Amidst a drastic and emotional fight to drive out real world trading (RWT) from Runescape, Jagex made a surprising move this month by publishing and supporting a new real-time strategy game, War of Legends. This new game is marketed as a free game with options to buy specific in-game items with real money, a common feature found in other online games. Still in beta testing, War of Legends is currently drawing in the majority of its players through the Runescape community, a community that is already keenly aware of Jagex’s policy on real world trading.
The discussion has been mixed, with many players questioning if micro-transactions contradict the company’s previous messages regarding RWT. Jagex’s response has been in a nutshell -“this is not the same”. Because according to Jagex, RWT is associated with “other criminal activities.” Instead, they claim micro-transactions are legitimate because they are “being dealt with by (Jagex) so you can be sure it is safe and secure.”
Micro-transactions in this new game do appear to contradict the moral stance Jagex has taken publicly for years. Runescape was designed to allow players to excel based solely on their own merits, and a considerable amount of programming was implemented to protect these values. Random events were introduced early in an attempt to combat autoers, but, as the macro programs improved Jagex created more complex random events that eventually became a nuisance to even the most honest players. Pure essence was created to curb RWTers’ and autoers from farming rune essence in F2P. And of course, there are the much-discussed anti-RWT events introduced in late 2007.
Jagex has spent years not only fighting to keep RWTers out of Runescape, but also pledged to never indulge in selling in-game items themselves. There was a time when it seemed the stance against RWT had a deeper ethical meaning. It was not only about credit card fraud and slave Chinese goldfarmers. Back then, Jagex also appeared intent on protecting the value of the game for its players. On 18 March 2003, Jagex wrote:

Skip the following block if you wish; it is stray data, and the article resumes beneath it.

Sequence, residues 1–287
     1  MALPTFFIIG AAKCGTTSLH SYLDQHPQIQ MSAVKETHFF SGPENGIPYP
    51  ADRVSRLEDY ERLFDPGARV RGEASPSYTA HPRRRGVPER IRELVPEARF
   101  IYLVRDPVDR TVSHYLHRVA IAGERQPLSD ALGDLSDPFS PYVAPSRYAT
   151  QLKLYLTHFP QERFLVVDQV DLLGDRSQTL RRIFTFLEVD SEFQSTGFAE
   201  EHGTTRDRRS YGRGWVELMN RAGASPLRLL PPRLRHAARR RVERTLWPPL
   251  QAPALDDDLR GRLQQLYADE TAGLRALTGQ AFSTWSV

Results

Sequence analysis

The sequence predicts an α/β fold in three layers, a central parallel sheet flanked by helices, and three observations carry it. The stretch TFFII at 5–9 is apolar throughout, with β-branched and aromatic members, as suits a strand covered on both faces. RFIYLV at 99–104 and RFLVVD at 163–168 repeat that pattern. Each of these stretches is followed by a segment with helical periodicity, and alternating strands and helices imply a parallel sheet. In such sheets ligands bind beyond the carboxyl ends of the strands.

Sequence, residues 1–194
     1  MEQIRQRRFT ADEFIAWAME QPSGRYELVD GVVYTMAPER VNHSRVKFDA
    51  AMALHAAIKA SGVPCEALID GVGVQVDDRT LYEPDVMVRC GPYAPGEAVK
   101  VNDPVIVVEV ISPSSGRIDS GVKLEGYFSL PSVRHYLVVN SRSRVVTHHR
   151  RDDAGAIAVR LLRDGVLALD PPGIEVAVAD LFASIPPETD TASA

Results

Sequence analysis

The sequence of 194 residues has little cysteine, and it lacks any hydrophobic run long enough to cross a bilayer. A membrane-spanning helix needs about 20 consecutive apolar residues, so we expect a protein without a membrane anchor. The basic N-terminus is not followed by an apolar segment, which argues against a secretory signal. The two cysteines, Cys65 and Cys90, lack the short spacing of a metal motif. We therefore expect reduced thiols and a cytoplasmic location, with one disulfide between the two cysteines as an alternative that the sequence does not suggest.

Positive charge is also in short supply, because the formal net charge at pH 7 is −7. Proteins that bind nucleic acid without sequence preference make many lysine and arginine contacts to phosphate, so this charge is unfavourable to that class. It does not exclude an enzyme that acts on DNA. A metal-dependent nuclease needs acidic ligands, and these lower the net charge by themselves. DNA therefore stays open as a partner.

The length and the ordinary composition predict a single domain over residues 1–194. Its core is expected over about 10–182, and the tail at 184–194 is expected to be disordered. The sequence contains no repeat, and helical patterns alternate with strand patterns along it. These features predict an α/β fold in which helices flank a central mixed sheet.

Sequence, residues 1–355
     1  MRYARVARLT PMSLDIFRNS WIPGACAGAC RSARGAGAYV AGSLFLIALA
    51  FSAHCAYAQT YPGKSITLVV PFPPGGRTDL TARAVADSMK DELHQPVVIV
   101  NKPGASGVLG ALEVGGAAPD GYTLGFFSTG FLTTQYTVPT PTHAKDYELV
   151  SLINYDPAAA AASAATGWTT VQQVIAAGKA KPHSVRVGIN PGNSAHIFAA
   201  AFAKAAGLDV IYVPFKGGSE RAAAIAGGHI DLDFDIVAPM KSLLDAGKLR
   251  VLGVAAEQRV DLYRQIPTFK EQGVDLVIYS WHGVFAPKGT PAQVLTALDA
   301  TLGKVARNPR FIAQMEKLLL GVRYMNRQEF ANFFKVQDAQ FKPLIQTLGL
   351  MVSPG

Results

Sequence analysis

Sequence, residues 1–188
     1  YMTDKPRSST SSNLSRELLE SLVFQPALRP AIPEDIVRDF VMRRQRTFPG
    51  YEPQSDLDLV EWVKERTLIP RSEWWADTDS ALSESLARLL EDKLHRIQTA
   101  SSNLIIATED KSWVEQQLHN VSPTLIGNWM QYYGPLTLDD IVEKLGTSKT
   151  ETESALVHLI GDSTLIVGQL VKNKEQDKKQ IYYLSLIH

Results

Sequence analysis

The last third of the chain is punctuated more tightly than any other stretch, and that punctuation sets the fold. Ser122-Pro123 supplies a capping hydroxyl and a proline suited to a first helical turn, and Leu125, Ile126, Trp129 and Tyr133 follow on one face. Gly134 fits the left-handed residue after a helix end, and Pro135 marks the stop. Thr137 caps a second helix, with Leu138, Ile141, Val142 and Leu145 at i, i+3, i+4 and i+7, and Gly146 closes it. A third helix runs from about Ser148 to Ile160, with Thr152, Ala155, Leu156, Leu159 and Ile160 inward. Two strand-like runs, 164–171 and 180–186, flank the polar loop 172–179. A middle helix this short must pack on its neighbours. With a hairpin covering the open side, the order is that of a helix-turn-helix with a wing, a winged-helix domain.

“We did once consider selling Runescape money and items in an online shop on our own site for real cash. However we decided to sacrifice that extra revenue for the good of the game, since we felt it would devalue hard-working players achievements if another player could then just buy their way past them. We don't want rich players to be able to simply buy their way to the top. This is clearly not how the game is meant to be played.”
Last year, Jagex was appearing to deviate from their moral high ground when they proposed to offer extra bank space as an incentive to purchase a new security device. Today, Jagex supports War of Legends, a game that allows players to purchase resources, stat boosters, and accelerants for training. Again, Jagex says:
“Using (in game currency) will allow you to advance in the game more quickly, but will not give advantages in battle or open up new areas of the game.”
It’s understandable that anything labeled “free” is a misnomer. Tip.It is a free website, but it still relies on donations and advertising to cover its cost. Runescape recently entered the Guinness Book of World Records as the most popular free MMORPG, yet is still supported with advertising and members who choose to pay a monthly subscription. In Runescape, P2P members may have a distinct advantage over F2P, but a member’s bonuses, weapons, and items do not directly translate in F2P. Godswords and Dragon axes do not operate in a F2P world. Therefore, members and free players are separated by Jagex’s preset rules.
However you choose to debate the strategies of this new game, it is nearly impossible to deny that purchasing faster training methods and stat boosters which directly improve the character will give players a clear advantage that is only limited to the size of their wallets. In other words, players can essentially buy their levels with real money. Furthermore, these same players who choose to pay for extra muscle are directly competing against those who do not. Apparently, unlike Runescape, this is how the game is meant to be played.
When did Jagex change their views? Why do the rules of Runescape, which forced Jagex to severely hamstring trade and anger so many players in the process, do not apply to other games? Whether you choose to look at micro-transactions as a form of real-world trading or not, the only hair that’s really being split here is whose pocket the money ends up filling. And in the end, I guess that’s enough to convince anybody to abandon their beliefs.